Heathrow Airport London Long Immigration Line

Having left the quiet Frankfurt Airport, our son encountered the opposite situation at Heathrow Airport, where the immigration queue was manned by only two people. This left people waiting in line without food or water for up to seven hours. It took our son six hours in the queue. We will have a chat with him this evening and we will surely hear some more details as well.

More about this here from the BBC News Business with the headline: “Heathrow Airport seven-hour queues ‘inhumane’, say passengers”

This was the immigration queue at Heathrow Airport on 28 Feb 2021 around 9pm.

Thomas had to be at the Frankfurt Airport by 2pm, no snacks are being served on flights, and yes, one can go without food or water until midnight. That is when he got back to his flat in London.

Some of the hold-up was caused by passengers not fully prepared for entry with the new regulations. One of them being having booked the two COVID-19 tests beforehand, and showing proof of it.

His two COVID-19 tests for entering the U.K. came to a total of £ 210 after some comparison shopping. Some test centers charge as much as £250 per test. All this, among other required entry forms, was done well before his flight.

His airport taxi reservation, which is usually around £40, tacked on another £5 for each additional 15 minutes. I’m sure he will let us know what his total bill came to.

He also had to miss his TESCO food delivery as none of his flatmates were home.

He made it back to London. That’s all that matters for right now.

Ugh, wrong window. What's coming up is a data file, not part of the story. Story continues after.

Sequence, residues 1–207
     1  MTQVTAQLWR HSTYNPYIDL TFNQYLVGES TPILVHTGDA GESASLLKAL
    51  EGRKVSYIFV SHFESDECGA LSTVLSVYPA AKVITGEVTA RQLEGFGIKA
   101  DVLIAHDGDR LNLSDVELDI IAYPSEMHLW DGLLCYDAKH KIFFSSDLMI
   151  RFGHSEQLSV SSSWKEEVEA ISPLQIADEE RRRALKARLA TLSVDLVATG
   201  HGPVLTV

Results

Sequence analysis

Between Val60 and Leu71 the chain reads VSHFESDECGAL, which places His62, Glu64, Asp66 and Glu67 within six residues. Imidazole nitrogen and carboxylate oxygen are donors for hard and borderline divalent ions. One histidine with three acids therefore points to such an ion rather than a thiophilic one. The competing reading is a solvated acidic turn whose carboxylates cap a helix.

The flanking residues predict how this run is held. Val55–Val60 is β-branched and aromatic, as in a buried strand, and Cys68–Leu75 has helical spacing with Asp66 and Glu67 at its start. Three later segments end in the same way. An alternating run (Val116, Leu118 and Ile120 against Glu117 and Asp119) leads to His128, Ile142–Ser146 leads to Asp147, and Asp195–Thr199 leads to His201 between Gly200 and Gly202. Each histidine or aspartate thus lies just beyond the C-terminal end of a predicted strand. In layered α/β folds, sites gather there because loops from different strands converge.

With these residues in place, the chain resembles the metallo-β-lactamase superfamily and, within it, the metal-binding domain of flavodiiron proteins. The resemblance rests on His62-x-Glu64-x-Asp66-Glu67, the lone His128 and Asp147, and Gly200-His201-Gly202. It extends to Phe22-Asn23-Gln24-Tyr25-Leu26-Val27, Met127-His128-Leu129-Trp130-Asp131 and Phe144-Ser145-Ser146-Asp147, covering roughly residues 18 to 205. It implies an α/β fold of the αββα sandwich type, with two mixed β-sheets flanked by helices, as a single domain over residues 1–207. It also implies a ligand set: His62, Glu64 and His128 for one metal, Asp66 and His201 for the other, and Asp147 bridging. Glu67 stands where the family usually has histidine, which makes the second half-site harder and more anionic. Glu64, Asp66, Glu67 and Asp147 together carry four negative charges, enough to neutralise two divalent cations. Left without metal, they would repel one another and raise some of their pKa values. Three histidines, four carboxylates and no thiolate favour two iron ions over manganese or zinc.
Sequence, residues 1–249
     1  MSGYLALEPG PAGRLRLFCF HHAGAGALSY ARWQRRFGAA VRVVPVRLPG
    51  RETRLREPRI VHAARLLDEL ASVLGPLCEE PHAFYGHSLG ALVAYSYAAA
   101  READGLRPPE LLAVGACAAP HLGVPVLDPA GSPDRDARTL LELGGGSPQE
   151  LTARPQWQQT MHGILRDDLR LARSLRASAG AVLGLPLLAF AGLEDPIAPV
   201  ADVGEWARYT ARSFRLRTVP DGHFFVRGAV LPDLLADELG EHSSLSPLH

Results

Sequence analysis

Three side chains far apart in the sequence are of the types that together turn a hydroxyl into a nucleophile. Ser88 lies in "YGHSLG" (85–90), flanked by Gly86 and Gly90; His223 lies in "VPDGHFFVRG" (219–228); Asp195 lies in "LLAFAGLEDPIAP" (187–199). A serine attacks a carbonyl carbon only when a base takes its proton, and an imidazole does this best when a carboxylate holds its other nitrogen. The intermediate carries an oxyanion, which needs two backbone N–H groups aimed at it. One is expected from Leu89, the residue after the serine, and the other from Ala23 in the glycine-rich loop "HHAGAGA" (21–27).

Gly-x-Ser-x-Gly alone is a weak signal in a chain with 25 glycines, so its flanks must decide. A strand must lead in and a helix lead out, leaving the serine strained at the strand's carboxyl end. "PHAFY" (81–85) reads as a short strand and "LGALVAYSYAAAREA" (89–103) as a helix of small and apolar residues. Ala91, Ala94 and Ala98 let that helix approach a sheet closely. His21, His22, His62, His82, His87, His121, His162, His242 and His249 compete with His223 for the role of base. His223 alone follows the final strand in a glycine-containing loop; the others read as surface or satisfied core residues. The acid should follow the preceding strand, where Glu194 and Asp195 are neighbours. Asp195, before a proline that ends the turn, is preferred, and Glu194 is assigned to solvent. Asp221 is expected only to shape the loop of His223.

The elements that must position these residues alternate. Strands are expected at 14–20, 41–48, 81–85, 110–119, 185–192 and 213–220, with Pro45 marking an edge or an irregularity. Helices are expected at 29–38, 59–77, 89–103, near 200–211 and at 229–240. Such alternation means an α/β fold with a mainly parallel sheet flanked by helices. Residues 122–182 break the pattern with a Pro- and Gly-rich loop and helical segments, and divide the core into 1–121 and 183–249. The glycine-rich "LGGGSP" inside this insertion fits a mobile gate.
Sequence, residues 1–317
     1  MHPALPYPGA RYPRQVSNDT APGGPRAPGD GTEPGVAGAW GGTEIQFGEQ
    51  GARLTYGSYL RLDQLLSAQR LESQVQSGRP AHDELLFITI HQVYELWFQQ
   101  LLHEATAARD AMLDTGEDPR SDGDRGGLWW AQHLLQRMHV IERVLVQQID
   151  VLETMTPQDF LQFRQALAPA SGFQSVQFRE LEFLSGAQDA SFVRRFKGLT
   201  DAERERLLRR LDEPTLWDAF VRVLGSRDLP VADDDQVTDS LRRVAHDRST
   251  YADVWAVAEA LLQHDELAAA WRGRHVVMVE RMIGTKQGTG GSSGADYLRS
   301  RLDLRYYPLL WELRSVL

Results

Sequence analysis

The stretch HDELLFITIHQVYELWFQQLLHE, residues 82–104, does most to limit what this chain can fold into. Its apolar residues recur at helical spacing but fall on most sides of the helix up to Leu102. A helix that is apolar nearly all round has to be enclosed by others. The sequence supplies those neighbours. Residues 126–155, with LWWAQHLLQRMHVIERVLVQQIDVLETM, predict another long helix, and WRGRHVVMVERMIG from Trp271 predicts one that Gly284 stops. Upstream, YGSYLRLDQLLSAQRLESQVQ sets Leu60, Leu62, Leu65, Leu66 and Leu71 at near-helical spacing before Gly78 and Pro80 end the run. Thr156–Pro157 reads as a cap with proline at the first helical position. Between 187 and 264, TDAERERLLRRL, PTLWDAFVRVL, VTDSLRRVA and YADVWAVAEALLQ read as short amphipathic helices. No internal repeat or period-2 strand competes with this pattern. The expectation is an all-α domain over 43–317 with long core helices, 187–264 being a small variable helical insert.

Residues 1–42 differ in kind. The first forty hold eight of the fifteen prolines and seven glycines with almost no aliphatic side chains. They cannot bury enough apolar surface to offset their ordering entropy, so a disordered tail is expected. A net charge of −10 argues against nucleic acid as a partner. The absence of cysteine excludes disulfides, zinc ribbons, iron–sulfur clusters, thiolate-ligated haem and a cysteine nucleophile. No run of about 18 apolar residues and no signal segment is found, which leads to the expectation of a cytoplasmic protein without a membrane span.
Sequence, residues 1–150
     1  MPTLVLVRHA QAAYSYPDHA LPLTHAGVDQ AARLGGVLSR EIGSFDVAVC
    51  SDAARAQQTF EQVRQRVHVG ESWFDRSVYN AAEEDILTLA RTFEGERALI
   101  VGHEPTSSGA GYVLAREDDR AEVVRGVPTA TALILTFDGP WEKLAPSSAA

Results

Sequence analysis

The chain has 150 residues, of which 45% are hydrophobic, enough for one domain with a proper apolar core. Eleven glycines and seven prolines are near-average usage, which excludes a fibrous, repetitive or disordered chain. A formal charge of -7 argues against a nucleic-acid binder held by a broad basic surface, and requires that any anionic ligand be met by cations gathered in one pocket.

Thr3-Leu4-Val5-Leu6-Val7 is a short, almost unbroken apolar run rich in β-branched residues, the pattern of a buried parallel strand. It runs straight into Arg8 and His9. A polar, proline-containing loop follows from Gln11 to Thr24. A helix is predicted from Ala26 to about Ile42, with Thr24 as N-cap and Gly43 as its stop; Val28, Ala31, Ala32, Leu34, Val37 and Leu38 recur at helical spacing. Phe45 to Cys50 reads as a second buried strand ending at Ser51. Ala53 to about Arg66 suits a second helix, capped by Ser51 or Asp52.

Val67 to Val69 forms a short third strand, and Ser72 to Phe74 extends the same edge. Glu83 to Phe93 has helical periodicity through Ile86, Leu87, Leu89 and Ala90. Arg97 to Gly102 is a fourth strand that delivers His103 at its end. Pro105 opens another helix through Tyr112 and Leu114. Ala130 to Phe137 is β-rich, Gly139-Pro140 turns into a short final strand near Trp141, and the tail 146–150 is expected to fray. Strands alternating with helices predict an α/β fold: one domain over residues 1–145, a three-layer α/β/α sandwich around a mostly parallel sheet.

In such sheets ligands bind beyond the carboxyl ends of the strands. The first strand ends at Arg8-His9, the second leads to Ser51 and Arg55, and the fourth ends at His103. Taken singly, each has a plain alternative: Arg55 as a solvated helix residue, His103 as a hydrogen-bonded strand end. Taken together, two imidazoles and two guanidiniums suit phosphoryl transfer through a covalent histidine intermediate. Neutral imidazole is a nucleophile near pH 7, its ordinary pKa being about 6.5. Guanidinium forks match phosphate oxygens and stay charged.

Quiet Frankfurt Airport in Late February 2021

Yesterday, we dropped off our son at the Frankfurt Airport. It felt a bit strange not having been there in a while, when we used to be regulars there.

Our son, who had been working here remotely for close to three months, was heading back to London, where he works, and pays dearly for his room.

My last flight, before the pandemic, had been to Bari, Italy in November 2019, so it was a bit eerie to see the airport this quiet. The only sound came from this Turkish-sounding singing get-together inside the terminal. In normal times with so many passengers, this kind of gathering might not have taken place.

Most of the aisles, such as this one, were empty. Some shops were closed. Marco Polo’s store window carried a sign which said, “Never Closed”… The shop was closed though.

This usually bustling airport has been hit hard.

At the other end of our son’s flight was the opposite situation with Heathrow Airport’s immigration queue manned by only two people. More about that in my next post.

This is what BBC News Business titled it: Heathrow Airport seven-hour queues ‘inhumane’, say passengers.

Advice to Writers of Any Age

Many years ago in my early days of blogging, while out on a walk with my son, he made a comment at that time which left a big imprint. It was quite a learning experience, not only for me as a parent, but for my writing as well.

Now more than ten years later, he works as a professional writer in London, and he sent me this.